'The Irishman' VFX Will Hopefully Be 'The Best It's Ever Been', According To Robert De Niro

We still haven't seen any footage of Martin Scorsese's The Irishman, and there's a good reason for that. Scorsese and company are working hard to make the film's special effects perfect. The movie spans several decades, and rather than cast different actors to play the cast of characters throughout time, Scorsese instead employed the type of de-aging tech Marvel uses. Robert De Niro, who reunites with Scorsese to star in the film, offered some insight into the process.

Sooner or later, Netflix is going to have to show us footage of Martin Scorsese's highly anticipated The Irishman. But for now, we can do nothing but sit and wait to lay eyes on the mob epic. A teaser trailer dropped during the Oscars earlier this year, but not a single bit of footage was shown. It's easy to guess why: it just isn't ready yet. Scorsese's film follows the true story of Frank "The Irishman" Sheeran (De Niro), a mob hitman who claims to have killed Jimmy Hoffa (played in the movie by Al Pacino).

The Irishman spans about 30 years, which means Scorsese had to de-age his cast – which also includes Joe Pesci and Harvey Keitel – for several scenes. To do so, the acclaimed filmmaker turned to the type of de-aging VFX that Marvel has been using for a while now, most recently in Captain Marvel, where they made Samuel L. Jackson look considerably younger.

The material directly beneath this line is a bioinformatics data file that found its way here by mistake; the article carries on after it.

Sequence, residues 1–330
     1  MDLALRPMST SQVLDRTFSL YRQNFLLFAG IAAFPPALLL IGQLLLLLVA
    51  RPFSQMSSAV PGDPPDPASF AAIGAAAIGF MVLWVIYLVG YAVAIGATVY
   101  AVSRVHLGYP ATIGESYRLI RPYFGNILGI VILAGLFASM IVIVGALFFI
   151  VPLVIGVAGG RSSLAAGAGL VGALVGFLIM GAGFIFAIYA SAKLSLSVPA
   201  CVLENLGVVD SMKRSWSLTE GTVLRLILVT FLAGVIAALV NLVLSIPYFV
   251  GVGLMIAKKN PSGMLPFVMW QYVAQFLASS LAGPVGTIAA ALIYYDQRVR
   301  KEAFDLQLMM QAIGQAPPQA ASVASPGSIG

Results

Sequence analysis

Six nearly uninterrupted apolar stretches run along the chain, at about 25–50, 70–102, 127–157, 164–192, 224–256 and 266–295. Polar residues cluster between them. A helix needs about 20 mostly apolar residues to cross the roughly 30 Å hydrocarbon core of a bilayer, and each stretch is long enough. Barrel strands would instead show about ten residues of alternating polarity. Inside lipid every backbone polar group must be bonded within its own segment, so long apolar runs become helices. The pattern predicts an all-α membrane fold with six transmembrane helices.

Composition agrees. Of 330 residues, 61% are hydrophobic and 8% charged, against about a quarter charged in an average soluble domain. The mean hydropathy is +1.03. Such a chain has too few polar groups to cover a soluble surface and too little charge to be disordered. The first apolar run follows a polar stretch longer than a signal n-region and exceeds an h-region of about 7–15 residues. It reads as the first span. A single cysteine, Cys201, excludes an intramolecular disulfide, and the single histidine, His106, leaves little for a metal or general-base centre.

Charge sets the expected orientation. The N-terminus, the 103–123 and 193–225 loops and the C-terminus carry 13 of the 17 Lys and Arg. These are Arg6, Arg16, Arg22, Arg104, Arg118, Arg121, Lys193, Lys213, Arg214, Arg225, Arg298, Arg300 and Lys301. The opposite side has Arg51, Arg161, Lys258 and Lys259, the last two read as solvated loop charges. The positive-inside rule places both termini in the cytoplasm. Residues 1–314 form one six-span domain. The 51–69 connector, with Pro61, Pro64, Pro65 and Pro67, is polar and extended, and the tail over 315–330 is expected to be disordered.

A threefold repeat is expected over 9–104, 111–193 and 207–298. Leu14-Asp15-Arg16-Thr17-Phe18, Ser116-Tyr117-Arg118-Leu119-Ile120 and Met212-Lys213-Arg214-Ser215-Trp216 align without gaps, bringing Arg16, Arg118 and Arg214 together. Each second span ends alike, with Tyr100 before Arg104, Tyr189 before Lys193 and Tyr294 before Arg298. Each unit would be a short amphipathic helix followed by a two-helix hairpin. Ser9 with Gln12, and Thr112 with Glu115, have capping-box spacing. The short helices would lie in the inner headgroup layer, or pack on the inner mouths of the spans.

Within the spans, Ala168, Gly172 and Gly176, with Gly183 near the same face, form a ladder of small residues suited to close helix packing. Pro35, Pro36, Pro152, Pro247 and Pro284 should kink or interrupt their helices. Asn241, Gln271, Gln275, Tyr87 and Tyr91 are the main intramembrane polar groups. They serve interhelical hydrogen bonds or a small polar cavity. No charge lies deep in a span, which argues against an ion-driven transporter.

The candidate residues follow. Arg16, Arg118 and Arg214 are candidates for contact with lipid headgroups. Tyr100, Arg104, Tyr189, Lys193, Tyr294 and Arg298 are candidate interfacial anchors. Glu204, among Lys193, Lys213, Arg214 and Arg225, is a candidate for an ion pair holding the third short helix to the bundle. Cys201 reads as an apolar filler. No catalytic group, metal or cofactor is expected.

In a recent interview with IndieWire, De Niro provided some details on The Irishman VFX work. "They're trying to really make it the best it's ever been," the actor said. "What I've seen looks really good."

De Niro has worked with similar de-aging effects before, in the mostly forgotten boxing comedy Grudge Match, released in 2013. But the tech has improved significantly since then. "When I did it in Grudge Match, we had more obstructive things on," De Niro said. "Marty was concerned, rightly so, that we should not have things on us that would be distracting. We had some dots, some reflective things, all subtle stuff."

The actor's producing partner Jane Rosenthal weighed-in at this point, adding: "They did have this three-headed monster of a camera that was around all the time. They had hair and costumes of the period, but they didn't have to worry about anything else that was intrusive. So the goal here was that it was a more intuitive way of working for an actor."

I've been hyped for The Irishman for quite some time now, and I'm dying to see some footage. I will admit that a year ago, I was a bit nervous about the de-aging aspect, worrying that it might be distracting. After seeing Samuel L. Jackson in Captain Marvel, however, I feel a lot better. The effects work done on Jackson were seamless – there was never a moment where I thought it looked fake, or digital. If Scorsese and his team can do the same – or even better – it shouldn't be a problem.

The Irishman will arrive this fall.